Current and former school board members take pot shots at Narcisse, but he was among the community leaders who raised questions about the Taylor Ohde Kitchell contract years ago. Where were Des Moines school board members when the alleged wrongdoing identified by Vaudt and Critelli occurred? They were dismissing critics of Van Hemert and the school board as a bunch of name-callers.
If members of the school board are “appalled” by a boneheaded e-mail that offended one student and his parents, they should be equally “appalled” by Vaudt’s and Critelli’s findings.
Here’s hoping people committed to better governance and oversight will get on the Des Moines school board in the future.Continue Reading...
Critics of Des Moines school board member Jonathan Narcisse may want to revise their opinions in light of this report published in the Des Moines Register on September 26:
The Des Moines school district should sue the construction management firm that has overseen projects paid for with a local-option sales tax, an attorney hired by the school board recommended in a report released Thursday.
The recommendation came after a year-long review by attorney Nicholas Critelli that showed competitive bidding laws were broken on school construction projects. The violations were in addition to those found in a 2007 state auditor’s report.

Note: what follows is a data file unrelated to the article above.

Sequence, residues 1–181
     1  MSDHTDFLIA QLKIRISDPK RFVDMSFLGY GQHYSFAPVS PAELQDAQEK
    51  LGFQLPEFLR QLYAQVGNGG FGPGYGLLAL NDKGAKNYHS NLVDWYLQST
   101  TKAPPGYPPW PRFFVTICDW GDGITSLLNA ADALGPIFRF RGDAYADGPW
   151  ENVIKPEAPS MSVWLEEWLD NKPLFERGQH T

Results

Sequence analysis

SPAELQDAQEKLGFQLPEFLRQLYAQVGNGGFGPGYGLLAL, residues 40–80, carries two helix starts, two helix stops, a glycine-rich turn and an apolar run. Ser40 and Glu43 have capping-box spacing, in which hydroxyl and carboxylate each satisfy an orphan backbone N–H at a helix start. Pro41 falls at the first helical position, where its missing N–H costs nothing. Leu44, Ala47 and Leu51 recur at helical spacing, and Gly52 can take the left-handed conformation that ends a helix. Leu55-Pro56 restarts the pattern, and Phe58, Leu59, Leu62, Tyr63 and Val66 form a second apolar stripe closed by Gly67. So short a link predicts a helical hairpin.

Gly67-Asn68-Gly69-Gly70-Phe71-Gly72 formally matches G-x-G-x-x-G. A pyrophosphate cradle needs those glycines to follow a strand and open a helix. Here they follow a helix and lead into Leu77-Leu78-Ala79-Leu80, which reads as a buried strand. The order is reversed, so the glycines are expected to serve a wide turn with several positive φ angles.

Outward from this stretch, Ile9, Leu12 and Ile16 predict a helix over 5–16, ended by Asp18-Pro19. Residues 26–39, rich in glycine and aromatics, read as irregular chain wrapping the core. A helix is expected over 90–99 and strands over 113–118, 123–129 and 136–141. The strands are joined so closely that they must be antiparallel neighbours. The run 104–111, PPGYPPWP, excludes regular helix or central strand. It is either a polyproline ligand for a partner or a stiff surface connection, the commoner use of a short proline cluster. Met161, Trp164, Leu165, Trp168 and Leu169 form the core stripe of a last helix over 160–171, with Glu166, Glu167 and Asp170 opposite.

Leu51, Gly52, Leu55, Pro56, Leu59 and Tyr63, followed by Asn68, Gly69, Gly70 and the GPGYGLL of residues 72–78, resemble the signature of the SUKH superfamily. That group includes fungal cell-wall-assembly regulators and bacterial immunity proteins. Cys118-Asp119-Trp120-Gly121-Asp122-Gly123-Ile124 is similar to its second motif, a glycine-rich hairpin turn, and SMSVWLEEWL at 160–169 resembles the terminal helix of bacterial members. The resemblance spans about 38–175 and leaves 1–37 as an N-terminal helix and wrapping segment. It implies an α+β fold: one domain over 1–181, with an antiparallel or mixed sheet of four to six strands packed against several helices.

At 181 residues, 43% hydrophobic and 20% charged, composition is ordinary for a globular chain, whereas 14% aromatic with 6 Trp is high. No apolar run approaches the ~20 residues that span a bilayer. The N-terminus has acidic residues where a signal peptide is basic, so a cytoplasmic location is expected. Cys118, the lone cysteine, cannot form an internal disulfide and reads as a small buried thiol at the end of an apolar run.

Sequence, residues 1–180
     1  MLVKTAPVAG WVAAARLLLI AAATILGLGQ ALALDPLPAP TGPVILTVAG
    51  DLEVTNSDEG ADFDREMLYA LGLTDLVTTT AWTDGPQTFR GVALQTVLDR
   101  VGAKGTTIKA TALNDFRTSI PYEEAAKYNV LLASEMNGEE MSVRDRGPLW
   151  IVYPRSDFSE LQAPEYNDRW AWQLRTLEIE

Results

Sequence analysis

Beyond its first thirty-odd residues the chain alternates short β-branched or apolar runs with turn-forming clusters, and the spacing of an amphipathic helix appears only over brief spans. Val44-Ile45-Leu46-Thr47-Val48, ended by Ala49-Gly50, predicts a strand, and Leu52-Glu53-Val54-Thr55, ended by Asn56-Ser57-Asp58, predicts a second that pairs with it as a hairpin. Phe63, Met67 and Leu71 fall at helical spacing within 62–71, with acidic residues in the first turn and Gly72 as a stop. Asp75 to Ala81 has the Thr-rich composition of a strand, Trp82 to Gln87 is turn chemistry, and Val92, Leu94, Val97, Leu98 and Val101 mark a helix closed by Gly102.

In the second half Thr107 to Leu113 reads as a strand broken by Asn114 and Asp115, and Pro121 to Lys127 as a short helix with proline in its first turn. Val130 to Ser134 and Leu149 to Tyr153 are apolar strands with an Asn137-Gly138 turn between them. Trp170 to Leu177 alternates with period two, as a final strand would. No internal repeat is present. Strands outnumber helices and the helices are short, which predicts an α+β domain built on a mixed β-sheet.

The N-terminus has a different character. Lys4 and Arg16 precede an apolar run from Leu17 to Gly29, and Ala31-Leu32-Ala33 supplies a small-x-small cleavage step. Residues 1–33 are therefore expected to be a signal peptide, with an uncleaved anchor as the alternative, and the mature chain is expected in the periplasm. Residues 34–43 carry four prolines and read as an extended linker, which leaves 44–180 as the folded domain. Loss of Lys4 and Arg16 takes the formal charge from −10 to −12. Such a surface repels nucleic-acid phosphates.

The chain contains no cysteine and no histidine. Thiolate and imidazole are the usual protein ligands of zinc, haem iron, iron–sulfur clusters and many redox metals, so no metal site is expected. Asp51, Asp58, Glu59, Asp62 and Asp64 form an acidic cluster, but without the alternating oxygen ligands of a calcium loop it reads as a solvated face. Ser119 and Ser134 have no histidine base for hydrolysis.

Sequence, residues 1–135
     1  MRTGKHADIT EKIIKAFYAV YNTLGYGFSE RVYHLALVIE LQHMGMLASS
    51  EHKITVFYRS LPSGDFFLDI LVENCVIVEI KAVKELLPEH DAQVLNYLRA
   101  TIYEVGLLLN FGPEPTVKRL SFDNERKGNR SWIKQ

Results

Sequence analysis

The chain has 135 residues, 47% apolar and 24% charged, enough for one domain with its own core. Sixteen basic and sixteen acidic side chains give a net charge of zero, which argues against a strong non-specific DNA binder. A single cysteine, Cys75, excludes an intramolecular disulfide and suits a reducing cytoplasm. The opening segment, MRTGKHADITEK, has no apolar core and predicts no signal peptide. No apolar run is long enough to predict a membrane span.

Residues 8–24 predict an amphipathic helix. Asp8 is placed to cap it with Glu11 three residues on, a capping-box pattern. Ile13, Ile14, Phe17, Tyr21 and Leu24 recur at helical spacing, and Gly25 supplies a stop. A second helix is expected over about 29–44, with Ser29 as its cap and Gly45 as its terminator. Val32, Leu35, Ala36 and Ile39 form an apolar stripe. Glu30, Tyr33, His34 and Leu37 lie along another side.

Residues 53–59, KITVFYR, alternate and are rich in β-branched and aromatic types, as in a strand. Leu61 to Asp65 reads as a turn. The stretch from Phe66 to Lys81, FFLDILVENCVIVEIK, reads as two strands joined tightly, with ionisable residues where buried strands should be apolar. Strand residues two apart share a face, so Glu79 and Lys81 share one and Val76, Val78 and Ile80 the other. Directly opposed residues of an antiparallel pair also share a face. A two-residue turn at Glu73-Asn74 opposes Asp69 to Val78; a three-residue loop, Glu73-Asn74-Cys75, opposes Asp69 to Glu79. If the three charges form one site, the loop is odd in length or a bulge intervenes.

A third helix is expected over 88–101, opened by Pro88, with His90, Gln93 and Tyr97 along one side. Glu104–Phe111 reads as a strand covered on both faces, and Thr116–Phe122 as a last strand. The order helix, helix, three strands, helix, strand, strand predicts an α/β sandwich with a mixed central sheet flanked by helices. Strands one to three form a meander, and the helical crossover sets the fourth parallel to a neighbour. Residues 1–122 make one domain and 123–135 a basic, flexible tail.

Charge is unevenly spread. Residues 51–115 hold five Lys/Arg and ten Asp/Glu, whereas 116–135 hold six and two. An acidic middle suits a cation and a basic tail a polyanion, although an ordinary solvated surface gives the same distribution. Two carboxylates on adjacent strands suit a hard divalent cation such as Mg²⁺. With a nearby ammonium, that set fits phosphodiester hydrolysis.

The district has a $20 million contract with Taylor Ohde Kitchell to oversee construction projects. The firm is responsible for the violations, Critelli wrote.
Critelli’s report affirmed Auditor David Vaudt’s report that four contracts for work at East High School were split into nine smaller purchase orders. The contracts – $115,362 for an annex and $67,387 for a gymnasium – should have fallen under a state law that requires competition for any project of more than $25,000.
To download a pdf file of Critelli’s report, click here.
Here is an excerpt from an e-mail Jonathan Narcisse sent to his supporters in October 2007, one month after he was elected to the Des Moines school board:
The Taylor Ohde Kitchell contract remains a concern and I am waiting for more specific reports and evaluations. This is a $20+ million contract being paid out of local option tax dollars. One man working for T.O.K., Doug Ohde, was paid $19,200 for his September hours, his total compensation paid for 160 hours of work. Others working for T.O.K. were paid $11,675.36, $10,723.43 and $10,576.48 out of our tax dollars for their September hours.
Our Board Chair Dick Murphy has stated if I want to know what Doug Ohde is doing to earn those tax dollars I should contact the company and ask him, but I prefer to see a performance evaluation by the District and will pursue details. After all, Doug Ohde is being paid more than our Superintendent.